Global Fund's $9.2 billion commitment: Turning the tide against malaria, TB, and HIV

By Hisham Allam

Global Fund's $9.2 billion commitment: Turning the tide against malaria, TB, and HIV

In a significant stride for global health, the Global Fund to Fight AIDS, Tuberculosis, and Malaria has sanctioned US$9.2 billion in new grants, effective from 2024. This crucial funding is poised to bolster the efforts of over 70 countries in their ongoing battle against these three diseases.

This milestone initiative builds upon the remarkable achievement of securing US$15.7 billion in November 2022. This record-breaking funding paved the way for the approval of unprecedented investments aimed at combating HIV, TB, and malaria, while at the same time strengthening health systems.

Peter Sands, the Executive Director of the Global Fund, underscored the critical importance of maintaining progress against malaria, TB and AIDS amidst the myriad challenges faced by vulnerable populations worldwide.

“Sustaining our progress against the world’s deadliest diseases and helping build more resilient and inclusive systems for health will save millions of lives, address glaring health inequities, and enable communities to flourish,” he stated.

Referring to the impact the fund’s activities have on eligible states, Sands cited as an example a partnership between the governments of Mozambique and Eswatini, backed by a US$24 million grant, to accelerate malaria elimination in southeastern Africa. He confirmed that some provinces in the region have recorded a 53% decrease in malaria cases over the past few years.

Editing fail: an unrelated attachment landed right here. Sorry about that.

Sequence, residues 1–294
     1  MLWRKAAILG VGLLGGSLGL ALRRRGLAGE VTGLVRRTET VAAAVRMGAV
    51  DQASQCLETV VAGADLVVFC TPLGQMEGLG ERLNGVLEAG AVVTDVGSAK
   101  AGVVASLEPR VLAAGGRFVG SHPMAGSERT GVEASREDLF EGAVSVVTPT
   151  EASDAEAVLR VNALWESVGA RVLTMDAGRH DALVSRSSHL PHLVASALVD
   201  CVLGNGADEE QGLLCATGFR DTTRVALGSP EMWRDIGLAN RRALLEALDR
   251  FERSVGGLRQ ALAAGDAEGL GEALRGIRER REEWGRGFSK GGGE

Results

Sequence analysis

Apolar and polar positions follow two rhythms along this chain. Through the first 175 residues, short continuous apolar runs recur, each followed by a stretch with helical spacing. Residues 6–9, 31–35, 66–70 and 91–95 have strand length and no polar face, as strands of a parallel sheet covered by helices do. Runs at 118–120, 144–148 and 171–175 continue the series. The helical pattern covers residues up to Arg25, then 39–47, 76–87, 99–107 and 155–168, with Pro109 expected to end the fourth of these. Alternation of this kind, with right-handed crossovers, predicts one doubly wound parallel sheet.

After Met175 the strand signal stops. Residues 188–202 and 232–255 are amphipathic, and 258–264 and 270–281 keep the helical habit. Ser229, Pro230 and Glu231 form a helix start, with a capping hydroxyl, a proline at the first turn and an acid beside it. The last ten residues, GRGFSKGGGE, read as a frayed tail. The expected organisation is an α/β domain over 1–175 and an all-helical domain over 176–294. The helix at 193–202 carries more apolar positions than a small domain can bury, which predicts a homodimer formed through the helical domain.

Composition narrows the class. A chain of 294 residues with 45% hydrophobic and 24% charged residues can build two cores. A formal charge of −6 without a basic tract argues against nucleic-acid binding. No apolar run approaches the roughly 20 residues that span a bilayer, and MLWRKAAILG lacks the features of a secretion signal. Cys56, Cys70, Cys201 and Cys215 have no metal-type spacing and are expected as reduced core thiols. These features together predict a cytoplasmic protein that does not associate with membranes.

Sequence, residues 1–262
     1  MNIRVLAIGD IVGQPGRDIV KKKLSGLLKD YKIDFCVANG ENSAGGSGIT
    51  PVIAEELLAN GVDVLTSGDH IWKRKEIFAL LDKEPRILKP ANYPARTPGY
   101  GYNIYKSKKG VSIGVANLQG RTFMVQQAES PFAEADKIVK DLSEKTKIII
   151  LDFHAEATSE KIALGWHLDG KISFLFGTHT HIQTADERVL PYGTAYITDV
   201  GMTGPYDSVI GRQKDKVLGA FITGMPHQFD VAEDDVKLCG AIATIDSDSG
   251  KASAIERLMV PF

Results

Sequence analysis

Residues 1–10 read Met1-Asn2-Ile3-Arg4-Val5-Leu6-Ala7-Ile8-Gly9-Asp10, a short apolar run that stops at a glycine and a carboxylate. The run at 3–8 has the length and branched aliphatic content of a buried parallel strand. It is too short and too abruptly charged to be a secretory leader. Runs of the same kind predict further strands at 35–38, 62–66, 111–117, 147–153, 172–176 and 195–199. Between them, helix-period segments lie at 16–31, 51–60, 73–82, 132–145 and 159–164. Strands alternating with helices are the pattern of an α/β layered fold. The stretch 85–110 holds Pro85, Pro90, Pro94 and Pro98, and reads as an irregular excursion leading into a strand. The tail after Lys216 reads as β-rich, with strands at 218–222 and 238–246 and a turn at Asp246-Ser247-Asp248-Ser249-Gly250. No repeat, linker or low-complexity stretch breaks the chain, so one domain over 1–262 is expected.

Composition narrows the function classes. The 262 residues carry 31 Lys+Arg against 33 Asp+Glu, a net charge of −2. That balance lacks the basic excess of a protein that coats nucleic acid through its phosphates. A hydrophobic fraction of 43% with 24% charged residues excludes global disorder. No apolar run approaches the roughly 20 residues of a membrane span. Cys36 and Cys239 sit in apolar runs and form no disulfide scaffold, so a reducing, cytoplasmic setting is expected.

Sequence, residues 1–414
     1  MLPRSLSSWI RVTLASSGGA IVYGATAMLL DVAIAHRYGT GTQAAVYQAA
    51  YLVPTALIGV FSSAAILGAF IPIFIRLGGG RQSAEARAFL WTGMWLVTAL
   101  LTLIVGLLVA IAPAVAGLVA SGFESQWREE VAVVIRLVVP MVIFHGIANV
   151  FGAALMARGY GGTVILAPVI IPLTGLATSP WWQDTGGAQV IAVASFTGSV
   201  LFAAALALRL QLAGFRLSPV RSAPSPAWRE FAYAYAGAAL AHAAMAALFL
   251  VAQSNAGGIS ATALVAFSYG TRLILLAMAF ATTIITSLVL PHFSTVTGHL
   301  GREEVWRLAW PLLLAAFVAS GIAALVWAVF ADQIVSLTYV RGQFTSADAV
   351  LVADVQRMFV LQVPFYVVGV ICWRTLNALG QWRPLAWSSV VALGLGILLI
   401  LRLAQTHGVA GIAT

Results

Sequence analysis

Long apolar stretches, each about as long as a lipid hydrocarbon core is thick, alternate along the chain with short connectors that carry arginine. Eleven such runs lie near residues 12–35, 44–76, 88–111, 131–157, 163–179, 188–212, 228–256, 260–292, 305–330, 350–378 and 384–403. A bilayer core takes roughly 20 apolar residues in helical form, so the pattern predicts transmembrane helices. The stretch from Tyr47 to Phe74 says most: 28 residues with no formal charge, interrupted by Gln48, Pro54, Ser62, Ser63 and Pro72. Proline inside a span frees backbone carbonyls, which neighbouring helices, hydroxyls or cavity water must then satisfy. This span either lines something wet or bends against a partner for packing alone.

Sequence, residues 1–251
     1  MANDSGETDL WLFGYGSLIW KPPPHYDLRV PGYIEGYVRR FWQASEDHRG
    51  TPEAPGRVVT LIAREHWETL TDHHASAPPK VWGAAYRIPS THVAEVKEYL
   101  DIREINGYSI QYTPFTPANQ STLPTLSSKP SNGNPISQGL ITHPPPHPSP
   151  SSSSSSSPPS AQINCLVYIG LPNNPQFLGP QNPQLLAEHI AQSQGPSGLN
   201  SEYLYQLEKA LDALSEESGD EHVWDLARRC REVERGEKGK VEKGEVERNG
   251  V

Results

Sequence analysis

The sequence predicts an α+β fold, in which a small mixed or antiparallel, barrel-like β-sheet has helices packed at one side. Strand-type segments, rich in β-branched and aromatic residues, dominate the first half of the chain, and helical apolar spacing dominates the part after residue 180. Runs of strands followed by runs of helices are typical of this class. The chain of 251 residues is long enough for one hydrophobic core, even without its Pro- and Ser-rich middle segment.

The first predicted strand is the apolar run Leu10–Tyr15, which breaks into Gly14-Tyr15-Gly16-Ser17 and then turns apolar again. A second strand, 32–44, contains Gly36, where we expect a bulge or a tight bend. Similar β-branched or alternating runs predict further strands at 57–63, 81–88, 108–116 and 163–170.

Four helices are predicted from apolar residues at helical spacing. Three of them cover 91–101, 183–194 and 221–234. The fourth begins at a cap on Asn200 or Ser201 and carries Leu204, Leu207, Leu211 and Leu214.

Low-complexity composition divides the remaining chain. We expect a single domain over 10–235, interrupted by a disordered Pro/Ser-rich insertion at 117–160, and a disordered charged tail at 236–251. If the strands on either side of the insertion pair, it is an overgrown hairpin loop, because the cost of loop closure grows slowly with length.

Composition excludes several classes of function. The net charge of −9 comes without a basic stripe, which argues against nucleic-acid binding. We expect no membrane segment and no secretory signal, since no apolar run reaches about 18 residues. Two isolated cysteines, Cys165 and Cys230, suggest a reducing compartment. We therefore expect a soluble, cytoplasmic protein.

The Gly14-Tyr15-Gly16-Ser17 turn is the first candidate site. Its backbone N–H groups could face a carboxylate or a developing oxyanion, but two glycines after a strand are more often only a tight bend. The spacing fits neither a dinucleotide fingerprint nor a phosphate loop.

“This initiative has protected some three million people from the disease, greatly reducing cross-border transmission.”

Africa is the worst-hit continent in terms of malaria and HIV/AIDS. In 2022 alone, it was home to a staggering 94% of the world’s malaria cases which translates to a massive 233 million infections. Even more alarming, 95% (or 580,000) of global malaria deaths occurred in Africa, with children under five tragically accounting for about 80% of these fatalities.

The fight against HIV/AIDS is showing signs of success with new infections decreasing. Nonetheless, the figures remain high. In 2021, an estimated 25.6 million people in Africa were HIV positive, with 760,000 new infections occurring in 2022. While this reflects a reduction in new infections per capita, the human cost remains enormous.

With regard to TB, the worst-hit region is South-Eastern Asia which accounted for over 45% of newly reported cases.

“It is estimated that in 2022, more than 4.8 million people fell ill with TB and more than 600,000 died (excluding HIV+TB mortality) because of the disease which is more than half of global TB deaths,” the World Health Organization noted in a report.

Africa comes second, with TB fatalities representing 33% of the global death toll.

As of September 2023, the Global Fund approved more than US$66 billion in funding to fight three of the world’s deadliest diseases. Created in 2002, its largest public donors are the USA, France, the United Kingdom, Germany, and Japan. According to its 2023 report, in 20 years the Global Fund has saved 59 million lives. In 2022 alone due to its partnerships, 24.5 million people benefited from HIV therapy, 6.7 million people with TB were treated, and 220 million mosquito nets were distributed.